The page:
ARLINGTON -- Nate Jones had his wife, agent and a couple of friends, including the best man at his wedding, on hand for Friday's season opener at Rangers Ballpark in Arlington. Fellow rookie reliever Addison Reed had a couple of friends he went to school with, who now live in Texas, in attendance.
These two are part of a group of seven on the White Sox roster experiencing their first Opening Day, joined by Tyler Flowers, Eduardo Escobar, Hector Santiago, Zach Stewart and Dayan Viciedo. It's the culmination of a dream for these young players, feeling more real with each passing moment.
"In Spring Training, there was really not a 100 percent guarantee I was on the team," said Reed, who threw a scoreless seventh with one strikeout in Friday's 3-2 loss. "The whole time that was my main focus. It's an awesome feeling and I can't wait to get this season underway and get it going."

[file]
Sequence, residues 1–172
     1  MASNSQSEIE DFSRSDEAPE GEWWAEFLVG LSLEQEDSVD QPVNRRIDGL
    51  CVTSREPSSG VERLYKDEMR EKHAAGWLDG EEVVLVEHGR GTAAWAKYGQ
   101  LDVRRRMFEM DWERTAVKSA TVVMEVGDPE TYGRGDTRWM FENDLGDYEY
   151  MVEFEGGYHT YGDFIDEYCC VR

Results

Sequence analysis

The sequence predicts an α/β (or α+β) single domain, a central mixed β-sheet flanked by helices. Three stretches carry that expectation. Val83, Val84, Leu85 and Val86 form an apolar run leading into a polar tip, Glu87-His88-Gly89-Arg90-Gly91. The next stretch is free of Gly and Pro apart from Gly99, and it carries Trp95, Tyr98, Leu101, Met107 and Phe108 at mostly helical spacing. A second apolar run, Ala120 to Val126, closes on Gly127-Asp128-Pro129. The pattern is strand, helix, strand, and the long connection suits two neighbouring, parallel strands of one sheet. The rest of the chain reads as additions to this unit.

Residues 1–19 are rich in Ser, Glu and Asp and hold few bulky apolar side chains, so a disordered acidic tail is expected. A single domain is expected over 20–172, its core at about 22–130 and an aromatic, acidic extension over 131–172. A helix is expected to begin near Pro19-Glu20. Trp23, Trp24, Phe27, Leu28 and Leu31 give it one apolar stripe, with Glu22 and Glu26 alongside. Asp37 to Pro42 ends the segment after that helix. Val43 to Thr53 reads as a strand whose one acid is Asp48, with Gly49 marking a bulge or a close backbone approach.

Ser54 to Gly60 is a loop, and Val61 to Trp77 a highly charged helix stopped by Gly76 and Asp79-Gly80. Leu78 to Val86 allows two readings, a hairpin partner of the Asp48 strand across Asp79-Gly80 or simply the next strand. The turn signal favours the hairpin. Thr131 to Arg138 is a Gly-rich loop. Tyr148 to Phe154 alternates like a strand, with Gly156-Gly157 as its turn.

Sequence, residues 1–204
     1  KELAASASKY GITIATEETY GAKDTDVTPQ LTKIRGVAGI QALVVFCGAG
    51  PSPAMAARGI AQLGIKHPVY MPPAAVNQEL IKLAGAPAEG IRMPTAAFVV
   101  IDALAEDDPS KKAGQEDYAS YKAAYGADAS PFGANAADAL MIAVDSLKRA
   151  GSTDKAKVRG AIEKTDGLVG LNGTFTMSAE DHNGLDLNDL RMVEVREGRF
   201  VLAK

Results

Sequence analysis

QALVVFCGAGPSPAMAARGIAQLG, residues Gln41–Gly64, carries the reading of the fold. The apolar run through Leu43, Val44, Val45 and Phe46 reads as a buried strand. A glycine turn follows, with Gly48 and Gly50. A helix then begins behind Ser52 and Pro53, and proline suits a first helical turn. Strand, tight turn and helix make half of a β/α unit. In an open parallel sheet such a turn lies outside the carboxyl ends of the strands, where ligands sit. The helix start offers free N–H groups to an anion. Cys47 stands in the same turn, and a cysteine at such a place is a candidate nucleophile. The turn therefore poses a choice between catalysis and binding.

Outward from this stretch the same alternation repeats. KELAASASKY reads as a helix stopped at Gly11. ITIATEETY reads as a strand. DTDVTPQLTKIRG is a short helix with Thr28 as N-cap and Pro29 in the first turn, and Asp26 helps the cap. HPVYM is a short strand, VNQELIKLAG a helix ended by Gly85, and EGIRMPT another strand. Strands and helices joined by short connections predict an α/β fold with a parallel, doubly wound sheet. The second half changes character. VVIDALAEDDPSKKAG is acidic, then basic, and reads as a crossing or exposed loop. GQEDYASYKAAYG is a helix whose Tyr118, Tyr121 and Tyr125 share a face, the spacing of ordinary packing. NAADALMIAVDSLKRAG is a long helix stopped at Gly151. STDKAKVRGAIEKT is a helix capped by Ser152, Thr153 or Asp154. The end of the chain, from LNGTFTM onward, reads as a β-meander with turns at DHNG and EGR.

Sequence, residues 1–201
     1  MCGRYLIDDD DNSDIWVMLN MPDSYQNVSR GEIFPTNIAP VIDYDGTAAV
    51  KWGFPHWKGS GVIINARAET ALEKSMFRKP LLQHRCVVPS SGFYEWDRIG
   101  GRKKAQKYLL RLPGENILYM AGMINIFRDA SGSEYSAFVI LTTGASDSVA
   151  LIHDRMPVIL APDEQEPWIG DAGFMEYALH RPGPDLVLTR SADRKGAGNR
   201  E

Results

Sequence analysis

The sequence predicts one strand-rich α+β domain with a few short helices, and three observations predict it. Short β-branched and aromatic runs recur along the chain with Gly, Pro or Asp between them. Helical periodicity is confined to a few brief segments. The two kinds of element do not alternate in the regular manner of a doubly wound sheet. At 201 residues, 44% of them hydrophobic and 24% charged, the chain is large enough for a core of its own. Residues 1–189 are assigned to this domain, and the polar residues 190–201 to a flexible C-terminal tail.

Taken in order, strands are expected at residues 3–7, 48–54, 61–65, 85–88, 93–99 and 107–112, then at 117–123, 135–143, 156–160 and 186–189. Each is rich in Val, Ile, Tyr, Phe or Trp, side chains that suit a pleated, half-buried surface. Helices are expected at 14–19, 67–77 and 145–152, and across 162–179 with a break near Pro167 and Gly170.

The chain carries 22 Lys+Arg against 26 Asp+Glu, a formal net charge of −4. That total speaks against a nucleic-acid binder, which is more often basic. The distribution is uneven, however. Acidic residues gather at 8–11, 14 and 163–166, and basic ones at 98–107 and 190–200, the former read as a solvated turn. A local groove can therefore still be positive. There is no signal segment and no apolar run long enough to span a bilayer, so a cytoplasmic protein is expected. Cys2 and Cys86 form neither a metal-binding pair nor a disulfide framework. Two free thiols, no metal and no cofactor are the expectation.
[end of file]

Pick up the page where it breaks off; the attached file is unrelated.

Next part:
"Any way that you can get here is awesome," Jones said. "I know during spring, I had to fight for it and I just wanted to keep throwing strikes and it paid off. I'm just excited to be here."
Closer carousel starts moving around
ARLINGTON -- As Addison Reed and Matt Thornton warmed up and eventually entered with the White Sox trailing during Friday's 3-2 loss to the Rangers, fantasy owners across the country let out sighs of disgust as their sleeper closer candidates disappeared.
"Well, I don't know if it has eliminated two guys," said Thornton, who threw a scoreless eighth to follow Reed's scoreless seventh in defeat. "But it's clear at least two are out of the running."
Those eliminations seem to leave Jesse Crain and Hector Santiago as the two remaining candidates in the great White Sox closer mystery. And with the White Sox down by one in the bottom of the eighth inning, Santiago received the call to start loosening up in case the White Sox rallied to take the lead.